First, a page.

Another feature is the return to prominence of the most serviceable and acceptable of all types-the 15-26 h.p. cars. Small cars are all right, and we are thankful for them in these difficult financial times, but when the political sun shines again, and trade and prosperity return, no sensible motorist can doubt that larger cars will return to popularity. With all due deference to those who are entirely satisfied with the small car, I suggest that there is little comparison between it and the fullsized full powered model in touring comfort, and although enthusiasm will enable people to be satisfied with less of this than the average person demands, it is, in point of fact, the average person whose custom is the great support of the British motor industry.
There are singularly few Innovations likely to interest the motorist. This is all to the good. Engineers know that the efficiency and reliability of any device like a motorcar are not struck with a single blow, so to speak, but are molded and fashioned out of experience tempered with brains. Exactly what is the proper worth of over head valves for the ordinary purposes of motoring has not yet been decided definitely nor has the front wheel brake been sufficiently tried to determine its value. Although changes of this character invariably secure a momentary fashion, they cannot continue unless their intrinsic worth is proved. The old side valve has long since ceased to trouble, and the sleeve valve has won a limited but sincere acceptance on merit. The overhead valve has yet to win such recognition, but it is undeniable that designers are adopting it though as convinced of its superiority.
Front wheel brakes involve so much that, unless they are proved to be indispensable, they will remain the characteristic of the fast and powerful big car, and the speedy and expensive small car. There is no doubt concerning their great efficiency; where the doubt arises is that anything better than the orthodox transmission and rear wheel brakes is required 90 percent motor cars. Suspension finds a partial return to the semi-elliptic. Last year the quarter-elliptic had a boom, but there are signs of a declension due to liability to body swing at fast speeds if a sudden turn be taken. I expect that there will be a considerable run on shock absorbers next year, as they appear to be particularly desirable on these fast and light small cars. I do not know how many small cars are on view, but r would hazard a guess that there must be well over fifty separate designs. Almost every stand carries one, and in their main features they are singularly alike, evidently 1923 is expected to be a boom year for the small car, and I hope it will be, but I confess that I have doubts concerning the ability of all these cars to win through.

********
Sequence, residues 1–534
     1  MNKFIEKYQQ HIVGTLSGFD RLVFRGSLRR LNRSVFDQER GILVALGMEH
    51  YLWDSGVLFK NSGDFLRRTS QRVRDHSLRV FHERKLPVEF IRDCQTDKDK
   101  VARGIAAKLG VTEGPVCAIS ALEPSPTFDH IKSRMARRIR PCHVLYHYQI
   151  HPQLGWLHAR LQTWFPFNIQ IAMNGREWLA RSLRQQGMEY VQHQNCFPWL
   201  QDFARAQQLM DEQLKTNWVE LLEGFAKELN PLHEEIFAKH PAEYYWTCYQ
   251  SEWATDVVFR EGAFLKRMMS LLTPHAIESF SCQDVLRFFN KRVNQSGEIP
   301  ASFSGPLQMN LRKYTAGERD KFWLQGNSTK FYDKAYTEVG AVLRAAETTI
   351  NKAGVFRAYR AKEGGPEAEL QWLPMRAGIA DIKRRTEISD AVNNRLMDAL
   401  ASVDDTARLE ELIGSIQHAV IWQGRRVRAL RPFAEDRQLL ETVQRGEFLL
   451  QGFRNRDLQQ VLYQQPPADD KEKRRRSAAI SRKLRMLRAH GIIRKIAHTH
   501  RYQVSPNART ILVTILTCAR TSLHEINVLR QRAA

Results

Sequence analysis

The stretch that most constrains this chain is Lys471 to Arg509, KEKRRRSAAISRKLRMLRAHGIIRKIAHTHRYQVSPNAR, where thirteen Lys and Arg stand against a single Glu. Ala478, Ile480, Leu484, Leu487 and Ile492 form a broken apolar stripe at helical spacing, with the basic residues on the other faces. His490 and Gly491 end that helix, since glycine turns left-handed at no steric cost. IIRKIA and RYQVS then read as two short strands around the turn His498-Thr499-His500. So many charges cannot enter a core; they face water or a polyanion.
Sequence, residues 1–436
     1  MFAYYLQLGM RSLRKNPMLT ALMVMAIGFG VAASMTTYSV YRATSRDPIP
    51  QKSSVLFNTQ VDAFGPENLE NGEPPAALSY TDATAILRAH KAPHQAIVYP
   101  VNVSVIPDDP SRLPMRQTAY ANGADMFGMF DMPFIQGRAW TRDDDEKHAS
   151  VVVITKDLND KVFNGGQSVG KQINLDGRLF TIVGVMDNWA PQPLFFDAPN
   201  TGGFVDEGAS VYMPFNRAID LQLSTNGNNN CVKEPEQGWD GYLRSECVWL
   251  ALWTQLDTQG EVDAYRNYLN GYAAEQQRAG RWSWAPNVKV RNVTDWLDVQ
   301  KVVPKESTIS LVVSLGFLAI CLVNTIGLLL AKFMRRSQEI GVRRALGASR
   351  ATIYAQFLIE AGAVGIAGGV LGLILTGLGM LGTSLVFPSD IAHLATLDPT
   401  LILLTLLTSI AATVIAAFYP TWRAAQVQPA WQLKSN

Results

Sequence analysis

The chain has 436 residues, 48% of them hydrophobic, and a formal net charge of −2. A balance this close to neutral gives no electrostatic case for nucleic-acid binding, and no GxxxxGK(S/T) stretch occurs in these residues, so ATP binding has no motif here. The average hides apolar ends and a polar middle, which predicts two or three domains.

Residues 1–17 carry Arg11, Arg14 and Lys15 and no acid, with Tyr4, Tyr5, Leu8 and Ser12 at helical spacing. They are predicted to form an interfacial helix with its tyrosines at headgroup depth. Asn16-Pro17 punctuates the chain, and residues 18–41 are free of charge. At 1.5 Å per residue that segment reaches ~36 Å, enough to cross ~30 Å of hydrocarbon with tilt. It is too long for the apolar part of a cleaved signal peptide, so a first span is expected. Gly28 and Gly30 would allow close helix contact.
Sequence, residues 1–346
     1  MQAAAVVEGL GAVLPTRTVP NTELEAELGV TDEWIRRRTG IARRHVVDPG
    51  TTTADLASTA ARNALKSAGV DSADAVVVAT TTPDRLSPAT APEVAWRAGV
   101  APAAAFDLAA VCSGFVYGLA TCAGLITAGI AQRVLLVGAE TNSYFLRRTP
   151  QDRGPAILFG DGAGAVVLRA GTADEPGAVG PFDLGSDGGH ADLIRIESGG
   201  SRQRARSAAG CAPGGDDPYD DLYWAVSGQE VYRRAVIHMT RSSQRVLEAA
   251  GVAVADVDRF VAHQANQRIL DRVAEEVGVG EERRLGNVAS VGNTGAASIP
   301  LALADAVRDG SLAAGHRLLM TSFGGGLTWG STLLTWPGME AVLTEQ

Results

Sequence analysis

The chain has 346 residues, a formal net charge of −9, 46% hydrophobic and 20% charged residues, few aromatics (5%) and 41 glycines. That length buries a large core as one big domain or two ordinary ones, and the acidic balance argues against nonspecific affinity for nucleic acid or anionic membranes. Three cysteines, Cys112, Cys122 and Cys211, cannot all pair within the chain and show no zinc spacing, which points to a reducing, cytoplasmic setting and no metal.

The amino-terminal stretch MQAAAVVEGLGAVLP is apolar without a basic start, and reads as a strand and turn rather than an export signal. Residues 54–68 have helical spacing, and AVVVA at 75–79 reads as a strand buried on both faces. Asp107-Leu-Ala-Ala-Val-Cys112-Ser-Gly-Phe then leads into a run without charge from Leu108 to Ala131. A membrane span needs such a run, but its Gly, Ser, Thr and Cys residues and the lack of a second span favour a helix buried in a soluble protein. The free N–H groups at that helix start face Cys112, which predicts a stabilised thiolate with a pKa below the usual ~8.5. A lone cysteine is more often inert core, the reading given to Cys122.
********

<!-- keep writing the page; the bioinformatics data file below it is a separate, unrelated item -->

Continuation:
Much will depend, of course, on the manner in which they are handled, but if one named about twenty marquees I think that one would not leave much more than 10 per cent of the market for the remainder. There are eight entirely new ones to me- the Ariel, B.S.A., Aster, Hands, G.N., Trojan, Lea Francis and British Ensign. The Trojan is an attempt to touch rock bottom not merely in price but in running cost. It has a dozen novel points, all of prime importance in design and, finally, it runs on solid tyres. The others are orthodox types, and I have no doubt will be carefully scanned, for their credentials are good.
All 20 pages of the 1922 Motor Exhibition supplement
source: Edwin Campbell in The Graphic Motor Supplement Nov.4,1922